PURPOSE: Pulmonary rehabilitation (PR) improves anxiety and depression in patients with chronic obstructive pulmonary disease. However, little is known regarding its ability to produce clinically meaningful improvements in these outcomes.
METHODS: We retrospectively analyzed 366 patients who participated in our 8-week outpatient PR program. The Hospital Anxiety and Depression Scale was used to screen for anxiety and depression symptoms (HADA and HADD, respectively); for both, a score of ≥ 10 was considered abnormal, and a change of 1.5 units or greater in magnitude was considered the threshold for a minimal clinically important difference (MCID). Other outcomes included the Chronic Respiratory Disease Questionnaire and the 6-Minute Walk Test.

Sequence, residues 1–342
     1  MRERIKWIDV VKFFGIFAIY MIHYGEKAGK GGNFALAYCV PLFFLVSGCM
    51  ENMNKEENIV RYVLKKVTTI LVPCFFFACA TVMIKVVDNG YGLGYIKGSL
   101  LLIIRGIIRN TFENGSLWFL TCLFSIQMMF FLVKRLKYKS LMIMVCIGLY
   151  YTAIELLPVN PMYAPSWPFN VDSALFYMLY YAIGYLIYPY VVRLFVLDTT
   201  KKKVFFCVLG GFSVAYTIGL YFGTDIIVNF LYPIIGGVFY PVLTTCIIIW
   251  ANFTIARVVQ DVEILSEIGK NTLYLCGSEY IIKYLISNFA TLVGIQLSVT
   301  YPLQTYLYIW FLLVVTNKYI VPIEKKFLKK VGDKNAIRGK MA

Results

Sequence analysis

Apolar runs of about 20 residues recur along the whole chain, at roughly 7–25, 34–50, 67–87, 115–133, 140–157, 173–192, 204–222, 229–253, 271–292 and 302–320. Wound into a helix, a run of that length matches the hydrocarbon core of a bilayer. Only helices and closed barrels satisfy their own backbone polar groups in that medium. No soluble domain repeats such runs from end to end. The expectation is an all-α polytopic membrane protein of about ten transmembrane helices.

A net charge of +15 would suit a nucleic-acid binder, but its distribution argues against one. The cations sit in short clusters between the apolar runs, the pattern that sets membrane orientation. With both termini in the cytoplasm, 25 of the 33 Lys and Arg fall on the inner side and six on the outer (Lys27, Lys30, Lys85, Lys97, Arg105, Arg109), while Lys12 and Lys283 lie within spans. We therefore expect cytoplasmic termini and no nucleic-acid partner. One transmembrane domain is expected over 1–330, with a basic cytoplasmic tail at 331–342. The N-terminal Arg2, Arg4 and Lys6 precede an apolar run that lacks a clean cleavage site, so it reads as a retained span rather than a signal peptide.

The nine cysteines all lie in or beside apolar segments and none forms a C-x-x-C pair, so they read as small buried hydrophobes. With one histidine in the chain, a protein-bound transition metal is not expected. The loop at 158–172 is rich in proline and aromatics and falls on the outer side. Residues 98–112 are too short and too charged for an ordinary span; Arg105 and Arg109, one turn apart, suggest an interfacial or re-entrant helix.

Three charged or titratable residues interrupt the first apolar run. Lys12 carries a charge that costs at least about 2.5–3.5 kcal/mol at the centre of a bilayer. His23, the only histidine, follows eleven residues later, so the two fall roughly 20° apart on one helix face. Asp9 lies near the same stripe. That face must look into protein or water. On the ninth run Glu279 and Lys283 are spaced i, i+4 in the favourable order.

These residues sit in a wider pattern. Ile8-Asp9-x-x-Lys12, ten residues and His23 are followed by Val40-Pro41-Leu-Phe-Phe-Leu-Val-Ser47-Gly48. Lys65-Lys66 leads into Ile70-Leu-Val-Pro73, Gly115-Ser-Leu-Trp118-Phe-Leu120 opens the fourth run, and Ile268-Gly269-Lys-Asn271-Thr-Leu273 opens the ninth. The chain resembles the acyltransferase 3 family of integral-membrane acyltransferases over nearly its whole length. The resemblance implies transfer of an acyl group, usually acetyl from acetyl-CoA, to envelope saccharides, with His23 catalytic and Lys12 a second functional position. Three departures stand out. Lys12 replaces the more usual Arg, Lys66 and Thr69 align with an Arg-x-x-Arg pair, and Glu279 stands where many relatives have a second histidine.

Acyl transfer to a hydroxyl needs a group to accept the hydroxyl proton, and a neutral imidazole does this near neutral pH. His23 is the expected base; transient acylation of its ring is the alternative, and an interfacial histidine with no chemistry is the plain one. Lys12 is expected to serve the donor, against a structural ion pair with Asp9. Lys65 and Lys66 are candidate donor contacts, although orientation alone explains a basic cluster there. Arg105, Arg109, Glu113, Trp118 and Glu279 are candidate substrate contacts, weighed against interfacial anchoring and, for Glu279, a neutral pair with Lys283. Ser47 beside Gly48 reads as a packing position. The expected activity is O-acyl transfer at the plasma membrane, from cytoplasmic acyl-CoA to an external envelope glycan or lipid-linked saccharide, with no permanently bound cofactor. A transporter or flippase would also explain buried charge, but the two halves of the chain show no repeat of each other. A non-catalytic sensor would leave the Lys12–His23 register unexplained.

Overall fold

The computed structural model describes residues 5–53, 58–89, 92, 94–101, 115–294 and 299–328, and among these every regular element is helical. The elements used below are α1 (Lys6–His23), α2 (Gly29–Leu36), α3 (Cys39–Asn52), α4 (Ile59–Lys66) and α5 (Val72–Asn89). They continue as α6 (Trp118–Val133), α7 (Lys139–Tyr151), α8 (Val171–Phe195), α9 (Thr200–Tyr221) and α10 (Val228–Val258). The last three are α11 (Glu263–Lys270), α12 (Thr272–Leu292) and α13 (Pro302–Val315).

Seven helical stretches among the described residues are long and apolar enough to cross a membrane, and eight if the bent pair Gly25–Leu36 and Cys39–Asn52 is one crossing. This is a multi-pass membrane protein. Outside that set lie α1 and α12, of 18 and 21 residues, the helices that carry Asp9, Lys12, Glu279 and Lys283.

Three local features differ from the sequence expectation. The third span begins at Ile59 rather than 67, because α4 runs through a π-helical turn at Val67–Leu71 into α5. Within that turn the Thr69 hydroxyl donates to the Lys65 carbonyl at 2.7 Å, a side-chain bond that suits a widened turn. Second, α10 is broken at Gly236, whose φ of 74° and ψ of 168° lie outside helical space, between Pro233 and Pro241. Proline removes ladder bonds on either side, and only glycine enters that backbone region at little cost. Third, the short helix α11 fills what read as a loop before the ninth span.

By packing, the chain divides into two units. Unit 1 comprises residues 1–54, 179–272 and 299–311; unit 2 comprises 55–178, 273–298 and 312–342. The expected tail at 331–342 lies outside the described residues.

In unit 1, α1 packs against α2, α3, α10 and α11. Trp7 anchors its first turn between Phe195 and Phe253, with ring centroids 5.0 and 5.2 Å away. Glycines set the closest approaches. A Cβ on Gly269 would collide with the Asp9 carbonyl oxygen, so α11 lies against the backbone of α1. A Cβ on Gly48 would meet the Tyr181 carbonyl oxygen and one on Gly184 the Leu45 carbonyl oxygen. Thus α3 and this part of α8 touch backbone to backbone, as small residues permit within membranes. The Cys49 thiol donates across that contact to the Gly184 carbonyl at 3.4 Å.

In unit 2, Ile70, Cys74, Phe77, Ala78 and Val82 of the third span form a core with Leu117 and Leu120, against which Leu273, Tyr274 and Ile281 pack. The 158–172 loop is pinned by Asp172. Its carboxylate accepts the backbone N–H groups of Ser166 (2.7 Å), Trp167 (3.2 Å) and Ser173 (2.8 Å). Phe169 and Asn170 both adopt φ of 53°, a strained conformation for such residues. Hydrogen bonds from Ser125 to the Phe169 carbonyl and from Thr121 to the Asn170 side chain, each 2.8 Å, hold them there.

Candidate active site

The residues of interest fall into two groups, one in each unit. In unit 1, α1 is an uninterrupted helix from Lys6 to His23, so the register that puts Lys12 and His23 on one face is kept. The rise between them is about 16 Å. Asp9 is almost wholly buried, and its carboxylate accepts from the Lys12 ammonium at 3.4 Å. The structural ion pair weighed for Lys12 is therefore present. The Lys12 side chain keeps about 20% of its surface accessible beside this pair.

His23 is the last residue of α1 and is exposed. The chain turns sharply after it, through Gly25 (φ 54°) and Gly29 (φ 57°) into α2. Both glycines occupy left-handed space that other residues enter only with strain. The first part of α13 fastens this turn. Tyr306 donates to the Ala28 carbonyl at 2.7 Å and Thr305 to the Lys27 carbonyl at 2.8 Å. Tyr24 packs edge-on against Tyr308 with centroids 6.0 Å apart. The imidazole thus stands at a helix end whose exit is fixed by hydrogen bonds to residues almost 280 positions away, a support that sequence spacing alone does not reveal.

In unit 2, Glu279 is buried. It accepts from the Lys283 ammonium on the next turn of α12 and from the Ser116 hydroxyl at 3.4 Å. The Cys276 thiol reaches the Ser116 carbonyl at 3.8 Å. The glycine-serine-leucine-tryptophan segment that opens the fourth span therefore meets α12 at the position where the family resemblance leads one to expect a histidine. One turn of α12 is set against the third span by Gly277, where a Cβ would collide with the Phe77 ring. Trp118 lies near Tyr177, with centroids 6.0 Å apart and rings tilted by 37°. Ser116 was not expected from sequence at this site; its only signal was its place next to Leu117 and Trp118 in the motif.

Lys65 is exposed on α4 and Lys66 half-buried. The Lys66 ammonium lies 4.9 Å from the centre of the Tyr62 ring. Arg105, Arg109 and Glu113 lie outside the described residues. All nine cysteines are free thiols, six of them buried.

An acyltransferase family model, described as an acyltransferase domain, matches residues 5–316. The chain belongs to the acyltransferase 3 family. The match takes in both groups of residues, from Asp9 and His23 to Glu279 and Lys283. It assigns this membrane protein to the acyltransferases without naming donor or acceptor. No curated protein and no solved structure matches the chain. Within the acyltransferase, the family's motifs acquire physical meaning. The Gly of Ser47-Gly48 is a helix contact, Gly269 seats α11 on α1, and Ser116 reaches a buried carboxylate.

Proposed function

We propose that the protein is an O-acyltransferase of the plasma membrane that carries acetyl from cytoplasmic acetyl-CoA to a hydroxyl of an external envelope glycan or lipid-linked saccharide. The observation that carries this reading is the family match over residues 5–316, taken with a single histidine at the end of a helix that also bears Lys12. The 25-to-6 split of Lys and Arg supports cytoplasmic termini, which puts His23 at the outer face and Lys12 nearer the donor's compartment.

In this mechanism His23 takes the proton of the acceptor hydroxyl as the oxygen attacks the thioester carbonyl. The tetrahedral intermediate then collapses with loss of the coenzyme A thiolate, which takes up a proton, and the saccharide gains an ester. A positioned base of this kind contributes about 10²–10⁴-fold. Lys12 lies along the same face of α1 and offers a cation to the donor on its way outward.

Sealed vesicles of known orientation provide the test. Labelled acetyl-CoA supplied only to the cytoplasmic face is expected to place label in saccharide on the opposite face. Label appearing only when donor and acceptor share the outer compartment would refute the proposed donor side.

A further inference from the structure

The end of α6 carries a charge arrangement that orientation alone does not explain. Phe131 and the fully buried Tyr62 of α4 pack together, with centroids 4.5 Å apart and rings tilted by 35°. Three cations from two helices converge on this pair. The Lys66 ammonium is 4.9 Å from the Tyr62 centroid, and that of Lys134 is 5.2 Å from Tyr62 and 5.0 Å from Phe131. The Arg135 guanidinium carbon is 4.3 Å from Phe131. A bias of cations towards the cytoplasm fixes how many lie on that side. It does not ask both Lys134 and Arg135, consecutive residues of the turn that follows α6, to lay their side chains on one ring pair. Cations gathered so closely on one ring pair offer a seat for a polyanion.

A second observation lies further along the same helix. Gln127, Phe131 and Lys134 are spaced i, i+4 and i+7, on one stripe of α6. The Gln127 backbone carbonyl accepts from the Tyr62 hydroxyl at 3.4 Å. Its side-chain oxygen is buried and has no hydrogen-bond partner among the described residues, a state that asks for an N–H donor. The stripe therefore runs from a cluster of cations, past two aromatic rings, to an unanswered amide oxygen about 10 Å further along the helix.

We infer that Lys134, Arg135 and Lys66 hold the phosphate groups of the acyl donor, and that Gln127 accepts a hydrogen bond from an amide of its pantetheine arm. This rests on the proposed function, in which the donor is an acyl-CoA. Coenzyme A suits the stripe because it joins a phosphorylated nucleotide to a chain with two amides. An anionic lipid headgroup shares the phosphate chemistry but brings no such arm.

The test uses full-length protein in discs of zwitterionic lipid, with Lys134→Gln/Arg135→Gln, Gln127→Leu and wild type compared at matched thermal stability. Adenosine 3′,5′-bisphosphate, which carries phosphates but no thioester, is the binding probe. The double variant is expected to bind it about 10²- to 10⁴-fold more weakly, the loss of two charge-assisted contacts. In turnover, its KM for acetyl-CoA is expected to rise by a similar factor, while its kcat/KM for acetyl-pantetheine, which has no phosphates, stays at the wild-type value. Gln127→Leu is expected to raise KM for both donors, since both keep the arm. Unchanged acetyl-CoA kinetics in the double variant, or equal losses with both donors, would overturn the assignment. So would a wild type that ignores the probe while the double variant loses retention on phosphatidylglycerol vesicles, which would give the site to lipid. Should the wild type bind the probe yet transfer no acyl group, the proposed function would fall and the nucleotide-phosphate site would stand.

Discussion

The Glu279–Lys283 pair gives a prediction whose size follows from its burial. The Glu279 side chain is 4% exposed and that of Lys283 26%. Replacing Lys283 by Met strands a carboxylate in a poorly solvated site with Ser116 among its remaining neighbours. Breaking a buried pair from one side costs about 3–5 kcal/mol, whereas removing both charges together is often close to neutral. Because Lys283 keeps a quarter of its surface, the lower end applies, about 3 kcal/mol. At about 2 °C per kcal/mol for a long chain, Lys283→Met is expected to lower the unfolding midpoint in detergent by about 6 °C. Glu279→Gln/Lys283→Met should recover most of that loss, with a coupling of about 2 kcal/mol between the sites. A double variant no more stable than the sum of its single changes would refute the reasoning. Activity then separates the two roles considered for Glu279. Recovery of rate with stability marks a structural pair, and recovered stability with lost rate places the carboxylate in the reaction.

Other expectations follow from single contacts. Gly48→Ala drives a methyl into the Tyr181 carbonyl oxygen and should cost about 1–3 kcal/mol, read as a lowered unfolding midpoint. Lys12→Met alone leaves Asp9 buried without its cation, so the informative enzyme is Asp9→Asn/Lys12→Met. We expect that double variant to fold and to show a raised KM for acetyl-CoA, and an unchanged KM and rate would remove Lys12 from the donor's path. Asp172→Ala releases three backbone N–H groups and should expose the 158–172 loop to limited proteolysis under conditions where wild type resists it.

RESULTS: Of the 366 patients, 257 (70%) completed the program and 235 (64%) completed final outcome evaluation. At program entry, 25% had abnormal anxiety scores and 17% had abnormal depression scores; these dropped to 9% and 6%, respectively, in those patients completing outcome analyses (P < .0001). Abnormal HADA and HADD scores predicted noncompletion of the program. Among patients who completed PR, there were significant improvements on all dimensions (increased walk distance, increased quality of life, and reduced symptoms of depression and anxiety). Of the total group, the MCID was exceeded in 41% and 46% for HADA and HADD, respectively. Of those with abnormal anxiety scores at baseline who completed outcome analysis (n = 44), 91% surpassed the MCID, while of those with abnormal depression scores at entry (n = 30), 93% surpassed the MCID.
CONCLUSIONS: Pulmonary rehabilitation results in substantial and clinically meaningful changes in both anxiety and depression.